Tackle flaws in testing, certifying cladding

Nobody expects every single aluminium composite panel to be set alight to be tested (SCDF fire safety testing and processes meet highest standards, by the Singapore Civil Defence Force; Dec 16).

I believe everyone can agree that a sample test is the only practical and acceptable method for a mass-produced industrial product whose inherent quality-control procedures would make those samples an accurate and repeatable representation.

The flaw that Mr Ng Jun Sen (Flawed testing and certification process; Dec 9) pointed out referred to the stripping of the aluminium skin from a composite panel to expose the core in order to test it.

The SCDF has no guidelines for how the aluminium skin can be stripped without damaging the core both in thickness and surface structure.

It is a very unscientific way to prepare a sample for testing.

Another flaw can be found in the certification process.

The same Certificate of Conformity (COC) is used by the supplier to sell the product, the architect and quantity surveyor to specify the product, the building contractor to buy and install the product, and the SCDF's officers to certify, approve and legitimise before handing over the final fire safety permits to allow the building to be occupied.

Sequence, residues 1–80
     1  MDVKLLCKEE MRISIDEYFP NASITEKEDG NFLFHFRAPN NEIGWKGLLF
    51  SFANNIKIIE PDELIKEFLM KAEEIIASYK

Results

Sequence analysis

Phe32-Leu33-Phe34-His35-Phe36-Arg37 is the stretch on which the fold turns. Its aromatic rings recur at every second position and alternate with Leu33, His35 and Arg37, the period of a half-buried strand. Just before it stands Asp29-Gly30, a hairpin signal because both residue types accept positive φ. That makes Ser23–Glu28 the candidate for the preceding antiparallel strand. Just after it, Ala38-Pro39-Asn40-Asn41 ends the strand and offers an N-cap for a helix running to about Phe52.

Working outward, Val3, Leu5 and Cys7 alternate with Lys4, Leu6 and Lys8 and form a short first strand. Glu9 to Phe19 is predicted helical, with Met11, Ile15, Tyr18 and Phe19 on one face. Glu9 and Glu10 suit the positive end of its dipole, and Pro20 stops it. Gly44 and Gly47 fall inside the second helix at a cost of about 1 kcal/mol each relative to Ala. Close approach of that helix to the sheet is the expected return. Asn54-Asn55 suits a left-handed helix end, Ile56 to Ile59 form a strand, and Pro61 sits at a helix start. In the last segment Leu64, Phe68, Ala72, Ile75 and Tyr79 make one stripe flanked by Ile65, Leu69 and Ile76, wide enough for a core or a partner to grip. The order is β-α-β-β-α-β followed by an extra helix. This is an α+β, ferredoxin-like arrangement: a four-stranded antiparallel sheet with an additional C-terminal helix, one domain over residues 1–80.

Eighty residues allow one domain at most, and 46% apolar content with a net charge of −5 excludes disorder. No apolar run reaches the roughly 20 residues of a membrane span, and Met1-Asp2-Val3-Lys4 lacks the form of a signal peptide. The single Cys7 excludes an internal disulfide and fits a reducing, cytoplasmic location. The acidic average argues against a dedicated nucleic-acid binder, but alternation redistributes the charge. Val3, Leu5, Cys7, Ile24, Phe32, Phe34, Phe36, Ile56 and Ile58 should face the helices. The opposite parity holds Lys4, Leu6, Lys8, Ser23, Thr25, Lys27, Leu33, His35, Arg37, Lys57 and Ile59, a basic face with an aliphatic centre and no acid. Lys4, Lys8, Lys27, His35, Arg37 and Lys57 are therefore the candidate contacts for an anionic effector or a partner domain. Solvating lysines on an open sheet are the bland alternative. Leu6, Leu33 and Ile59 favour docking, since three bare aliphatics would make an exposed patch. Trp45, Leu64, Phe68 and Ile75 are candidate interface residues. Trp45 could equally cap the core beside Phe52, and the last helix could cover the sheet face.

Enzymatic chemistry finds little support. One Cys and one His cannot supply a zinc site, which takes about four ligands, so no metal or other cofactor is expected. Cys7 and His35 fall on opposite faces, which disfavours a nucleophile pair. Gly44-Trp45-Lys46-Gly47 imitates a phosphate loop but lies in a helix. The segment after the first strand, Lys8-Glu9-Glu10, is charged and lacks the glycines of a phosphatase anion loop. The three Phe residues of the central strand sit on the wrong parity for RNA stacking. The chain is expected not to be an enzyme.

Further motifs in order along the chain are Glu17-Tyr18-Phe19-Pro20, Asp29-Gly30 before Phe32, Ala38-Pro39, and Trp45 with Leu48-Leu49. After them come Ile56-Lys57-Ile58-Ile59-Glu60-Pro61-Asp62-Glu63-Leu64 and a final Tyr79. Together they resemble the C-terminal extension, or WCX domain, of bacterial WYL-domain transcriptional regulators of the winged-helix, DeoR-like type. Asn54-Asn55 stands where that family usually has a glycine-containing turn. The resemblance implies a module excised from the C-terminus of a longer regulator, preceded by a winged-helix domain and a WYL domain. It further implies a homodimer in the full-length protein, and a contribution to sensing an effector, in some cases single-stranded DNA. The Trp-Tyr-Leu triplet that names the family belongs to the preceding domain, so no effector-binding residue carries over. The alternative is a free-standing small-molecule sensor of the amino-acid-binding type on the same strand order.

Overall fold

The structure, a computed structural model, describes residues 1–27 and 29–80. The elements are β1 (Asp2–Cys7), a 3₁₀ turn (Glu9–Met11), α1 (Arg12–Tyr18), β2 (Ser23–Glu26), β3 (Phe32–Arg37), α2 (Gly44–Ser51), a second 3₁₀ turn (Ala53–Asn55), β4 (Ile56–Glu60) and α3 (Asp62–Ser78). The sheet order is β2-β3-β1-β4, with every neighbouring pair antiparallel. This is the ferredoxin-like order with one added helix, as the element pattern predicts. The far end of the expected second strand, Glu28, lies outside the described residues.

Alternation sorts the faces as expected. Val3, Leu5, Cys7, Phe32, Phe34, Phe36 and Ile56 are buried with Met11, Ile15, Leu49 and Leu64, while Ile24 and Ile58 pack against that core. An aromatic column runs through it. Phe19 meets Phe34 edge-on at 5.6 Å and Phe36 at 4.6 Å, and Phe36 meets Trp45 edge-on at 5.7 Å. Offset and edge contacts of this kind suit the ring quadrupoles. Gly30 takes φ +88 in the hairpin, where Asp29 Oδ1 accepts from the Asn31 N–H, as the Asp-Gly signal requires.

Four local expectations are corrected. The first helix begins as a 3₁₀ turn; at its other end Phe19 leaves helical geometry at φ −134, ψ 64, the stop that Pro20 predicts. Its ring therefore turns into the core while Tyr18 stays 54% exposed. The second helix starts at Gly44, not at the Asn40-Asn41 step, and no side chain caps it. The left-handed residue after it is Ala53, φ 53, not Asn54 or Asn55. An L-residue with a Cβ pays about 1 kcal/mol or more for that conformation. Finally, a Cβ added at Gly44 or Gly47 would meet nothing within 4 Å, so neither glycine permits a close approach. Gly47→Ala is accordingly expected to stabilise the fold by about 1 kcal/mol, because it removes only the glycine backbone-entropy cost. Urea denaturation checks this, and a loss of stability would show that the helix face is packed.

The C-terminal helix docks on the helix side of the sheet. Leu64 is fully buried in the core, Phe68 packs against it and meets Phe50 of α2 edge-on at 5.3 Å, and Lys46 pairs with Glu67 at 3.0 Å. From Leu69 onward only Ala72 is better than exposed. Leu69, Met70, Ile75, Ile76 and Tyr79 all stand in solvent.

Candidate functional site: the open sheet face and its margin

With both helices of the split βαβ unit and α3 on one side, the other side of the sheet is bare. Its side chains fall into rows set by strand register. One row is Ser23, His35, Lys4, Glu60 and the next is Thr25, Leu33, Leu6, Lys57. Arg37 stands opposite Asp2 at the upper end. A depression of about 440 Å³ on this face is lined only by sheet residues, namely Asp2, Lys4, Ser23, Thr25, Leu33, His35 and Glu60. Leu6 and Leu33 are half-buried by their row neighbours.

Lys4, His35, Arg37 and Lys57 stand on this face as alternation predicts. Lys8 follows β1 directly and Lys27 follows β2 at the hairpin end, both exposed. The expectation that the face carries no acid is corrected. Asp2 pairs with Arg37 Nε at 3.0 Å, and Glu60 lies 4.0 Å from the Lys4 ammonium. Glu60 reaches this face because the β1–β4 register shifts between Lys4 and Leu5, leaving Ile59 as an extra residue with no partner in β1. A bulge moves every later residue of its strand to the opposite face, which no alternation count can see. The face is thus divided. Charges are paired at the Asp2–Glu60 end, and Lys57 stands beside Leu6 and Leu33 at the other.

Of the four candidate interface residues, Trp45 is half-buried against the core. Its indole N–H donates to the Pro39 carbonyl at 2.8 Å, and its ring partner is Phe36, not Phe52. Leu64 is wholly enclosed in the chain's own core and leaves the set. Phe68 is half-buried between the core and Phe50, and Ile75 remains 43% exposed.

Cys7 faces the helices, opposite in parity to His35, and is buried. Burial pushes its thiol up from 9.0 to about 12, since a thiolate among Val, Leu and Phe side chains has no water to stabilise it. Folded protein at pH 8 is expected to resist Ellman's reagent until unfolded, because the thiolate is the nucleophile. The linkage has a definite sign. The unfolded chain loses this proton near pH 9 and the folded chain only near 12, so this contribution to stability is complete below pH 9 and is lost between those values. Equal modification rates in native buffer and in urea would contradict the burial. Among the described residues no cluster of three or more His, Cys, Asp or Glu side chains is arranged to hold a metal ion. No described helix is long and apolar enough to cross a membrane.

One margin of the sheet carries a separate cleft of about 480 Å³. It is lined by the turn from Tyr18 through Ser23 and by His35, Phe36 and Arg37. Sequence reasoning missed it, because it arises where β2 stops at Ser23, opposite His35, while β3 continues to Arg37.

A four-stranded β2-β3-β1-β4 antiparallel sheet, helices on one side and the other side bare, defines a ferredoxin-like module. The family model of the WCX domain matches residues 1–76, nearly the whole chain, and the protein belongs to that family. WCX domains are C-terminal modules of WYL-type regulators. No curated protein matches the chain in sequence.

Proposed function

There certainly is a systemic flaw here, as everyone down the chain will ask to see and quote only that COC document.

So, if the front end (that is, the accredited agency that issues the COC) is careless or negligent, any problem will never be discovered unless a fire occurs which leads to investigations.

I hope we can look critically at ourselves and our very flawed processes that allowed dangerous cladding onto our buildings, albeit unintentionally.

Lee Seong Wee

A version of this article appeared in the print edition of The Straits Times on December 19, 2017, with the headline 'Tackle flaws in testing, certifying cladding'. Print Edition | Subscribe